.. Many of Mr. Trump’s supporters also said they felt vindicated by the conclusions of Robert Mueller’s report on Russia’s interference in the 2016 election. While the former F.B.I. director painted a damning portrait of a campaign that was riddled with Kremlin sympathizers and a candidate whose real-estate ventures were beholden to Russian investors, no clear evidence of collusion between Mr. Trump and Moscow ever emerged and the president was never indicted.
.. Democrats also failed to capitalize on, and may have been damaged by, winning back control of the House of Representatives, but not the Senate, in the 2018 midterms. Mr. Trump proved effective, if characteristically vitriolic, in making a foil of the House speaker, Nancy Pelosi.
.. Efforts to impeach the president mainly served to energize his base. Polling surveys suggested that wavering voters saw a Democratic Party more invested in humiliating the president than in helping them.
.. it did not take long for campaign aides to Senator Warren to offer damning appraisals of her performance as a candidate. Historical references abounded: The Children’s Crusade; Pickett’s Charge; the McGovern campaign of 1972. The common thread was that the campaign’s moral fervor repeatedly got the better of its message focus.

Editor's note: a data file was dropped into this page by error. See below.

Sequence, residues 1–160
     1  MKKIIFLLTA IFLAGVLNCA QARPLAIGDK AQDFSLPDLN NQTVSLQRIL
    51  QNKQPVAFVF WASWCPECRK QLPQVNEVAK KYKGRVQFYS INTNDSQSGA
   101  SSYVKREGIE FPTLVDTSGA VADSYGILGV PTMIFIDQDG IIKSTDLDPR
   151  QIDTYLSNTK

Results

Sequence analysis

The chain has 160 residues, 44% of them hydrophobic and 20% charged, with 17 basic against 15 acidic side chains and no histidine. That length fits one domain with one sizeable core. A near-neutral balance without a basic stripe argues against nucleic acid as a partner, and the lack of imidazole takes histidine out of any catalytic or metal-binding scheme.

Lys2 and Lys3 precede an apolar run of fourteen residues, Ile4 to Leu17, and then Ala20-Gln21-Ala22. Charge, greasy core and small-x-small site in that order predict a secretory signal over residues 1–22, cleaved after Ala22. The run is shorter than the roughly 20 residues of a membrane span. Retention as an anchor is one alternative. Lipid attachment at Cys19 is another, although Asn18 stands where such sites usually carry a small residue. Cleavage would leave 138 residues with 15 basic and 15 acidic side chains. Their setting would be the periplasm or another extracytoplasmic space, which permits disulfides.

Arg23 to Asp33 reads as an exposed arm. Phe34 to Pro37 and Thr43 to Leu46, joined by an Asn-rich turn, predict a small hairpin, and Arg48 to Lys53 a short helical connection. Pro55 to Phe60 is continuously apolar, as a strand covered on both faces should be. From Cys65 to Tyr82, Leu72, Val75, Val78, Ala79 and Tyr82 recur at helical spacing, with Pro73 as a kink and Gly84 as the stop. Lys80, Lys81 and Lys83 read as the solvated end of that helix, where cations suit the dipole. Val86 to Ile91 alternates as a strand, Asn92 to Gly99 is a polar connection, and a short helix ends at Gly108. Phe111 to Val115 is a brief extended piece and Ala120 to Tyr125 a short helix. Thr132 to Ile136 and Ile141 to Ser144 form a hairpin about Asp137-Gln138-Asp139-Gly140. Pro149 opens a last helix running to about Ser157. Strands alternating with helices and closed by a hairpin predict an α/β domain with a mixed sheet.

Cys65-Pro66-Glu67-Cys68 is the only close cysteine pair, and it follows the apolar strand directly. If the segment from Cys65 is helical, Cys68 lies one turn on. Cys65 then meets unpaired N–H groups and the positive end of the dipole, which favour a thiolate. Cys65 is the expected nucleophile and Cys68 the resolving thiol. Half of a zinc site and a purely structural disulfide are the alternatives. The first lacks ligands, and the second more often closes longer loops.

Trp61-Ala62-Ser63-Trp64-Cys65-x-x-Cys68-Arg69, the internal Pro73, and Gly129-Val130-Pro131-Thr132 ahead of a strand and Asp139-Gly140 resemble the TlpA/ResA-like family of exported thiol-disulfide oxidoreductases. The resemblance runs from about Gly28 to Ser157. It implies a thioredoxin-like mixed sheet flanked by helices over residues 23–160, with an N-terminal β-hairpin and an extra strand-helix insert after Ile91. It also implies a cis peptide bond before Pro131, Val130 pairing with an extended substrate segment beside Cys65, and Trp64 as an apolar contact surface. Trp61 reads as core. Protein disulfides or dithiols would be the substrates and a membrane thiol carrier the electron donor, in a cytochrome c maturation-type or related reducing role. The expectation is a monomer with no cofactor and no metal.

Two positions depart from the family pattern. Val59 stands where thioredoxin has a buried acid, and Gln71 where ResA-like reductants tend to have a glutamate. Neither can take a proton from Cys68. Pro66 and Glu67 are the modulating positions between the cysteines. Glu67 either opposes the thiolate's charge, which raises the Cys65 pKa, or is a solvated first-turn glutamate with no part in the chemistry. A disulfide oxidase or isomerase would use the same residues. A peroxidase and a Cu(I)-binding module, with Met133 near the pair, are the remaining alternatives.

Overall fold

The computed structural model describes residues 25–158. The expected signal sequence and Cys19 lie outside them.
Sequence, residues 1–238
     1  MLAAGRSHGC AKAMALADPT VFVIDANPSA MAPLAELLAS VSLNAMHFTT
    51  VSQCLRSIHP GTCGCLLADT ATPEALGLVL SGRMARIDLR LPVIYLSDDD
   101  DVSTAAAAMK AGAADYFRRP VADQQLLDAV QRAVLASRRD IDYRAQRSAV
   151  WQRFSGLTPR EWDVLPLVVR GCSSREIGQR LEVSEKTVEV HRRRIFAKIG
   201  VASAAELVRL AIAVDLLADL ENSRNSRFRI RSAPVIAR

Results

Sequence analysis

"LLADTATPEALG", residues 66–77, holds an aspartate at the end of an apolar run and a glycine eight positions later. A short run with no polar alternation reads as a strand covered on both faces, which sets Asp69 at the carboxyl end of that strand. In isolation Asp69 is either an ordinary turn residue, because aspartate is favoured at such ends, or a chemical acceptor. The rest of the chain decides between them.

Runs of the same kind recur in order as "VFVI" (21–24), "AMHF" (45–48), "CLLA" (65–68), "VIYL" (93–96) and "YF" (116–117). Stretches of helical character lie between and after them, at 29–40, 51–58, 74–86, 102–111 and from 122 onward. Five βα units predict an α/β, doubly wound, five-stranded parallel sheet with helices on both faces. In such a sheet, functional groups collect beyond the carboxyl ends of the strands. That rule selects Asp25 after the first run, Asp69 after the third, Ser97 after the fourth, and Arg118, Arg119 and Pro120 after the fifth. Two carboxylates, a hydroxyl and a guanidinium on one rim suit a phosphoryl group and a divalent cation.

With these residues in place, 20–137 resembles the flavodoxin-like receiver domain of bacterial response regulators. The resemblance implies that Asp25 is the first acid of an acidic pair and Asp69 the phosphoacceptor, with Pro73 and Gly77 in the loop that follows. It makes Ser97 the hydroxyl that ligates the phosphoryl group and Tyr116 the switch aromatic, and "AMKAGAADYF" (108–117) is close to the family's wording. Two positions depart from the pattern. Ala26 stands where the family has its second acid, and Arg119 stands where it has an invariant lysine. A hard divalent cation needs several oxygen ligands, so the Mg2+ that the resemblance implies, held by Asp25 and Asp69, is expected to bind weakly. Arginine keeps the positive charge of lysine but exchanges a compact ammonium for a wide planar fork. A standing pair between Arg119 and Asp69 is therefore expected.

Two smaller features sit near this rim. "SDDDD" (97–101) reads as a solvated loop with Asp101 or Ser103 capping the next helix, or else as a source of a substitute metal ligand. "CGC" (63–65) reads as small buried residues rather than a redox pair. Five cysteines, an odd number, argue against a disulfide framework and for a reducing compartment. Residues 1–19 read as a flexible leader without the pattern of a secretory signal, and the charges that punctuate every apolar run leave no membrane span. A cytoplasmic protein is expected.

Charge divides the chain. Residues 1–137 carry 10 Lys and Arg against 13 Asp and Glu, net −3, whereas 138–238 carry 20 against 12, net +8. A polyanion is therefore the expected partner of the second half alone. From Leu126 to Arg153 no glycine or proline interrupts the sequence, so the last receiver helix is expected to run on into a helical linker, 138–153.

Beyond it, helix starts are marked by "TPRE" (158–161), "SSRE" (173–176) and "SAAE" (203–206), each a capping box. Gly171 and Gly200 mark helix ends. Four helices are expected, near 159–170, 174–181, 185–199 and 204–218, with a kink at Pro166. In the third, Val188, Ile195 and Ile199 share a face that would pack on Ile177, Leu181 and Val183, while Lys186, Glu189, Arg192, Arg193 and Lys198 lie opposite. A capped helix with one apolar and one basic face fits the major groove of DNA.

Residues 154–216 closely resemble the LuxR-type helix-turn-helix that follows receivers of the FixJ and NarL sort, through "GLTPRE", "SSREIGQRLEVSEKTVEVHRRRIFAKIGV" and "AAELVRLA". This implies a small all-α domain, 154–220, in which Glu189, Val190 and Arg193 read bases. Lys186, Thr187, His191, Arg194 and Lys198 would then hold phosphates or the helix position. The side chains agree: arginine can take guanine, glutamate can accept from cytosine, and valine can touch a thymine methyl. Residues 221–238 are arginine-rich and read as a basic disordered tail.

.. He got my party to lose its marbles.”
.. The lawmaker cited calls by party activists to abolish the U.S. Immigration and Customs Enforcement agency — calls the Warren campaign did not formally endorse but did little to refute — as emblematic of the party’s broader problems.
.. “What do Democrats stand for?” he asked.
- “Lawlessness or liberality?
- Policymaking or virtue signaling?
- Gender-neutral pronouns and bathrooms or good jobs and higher wages?”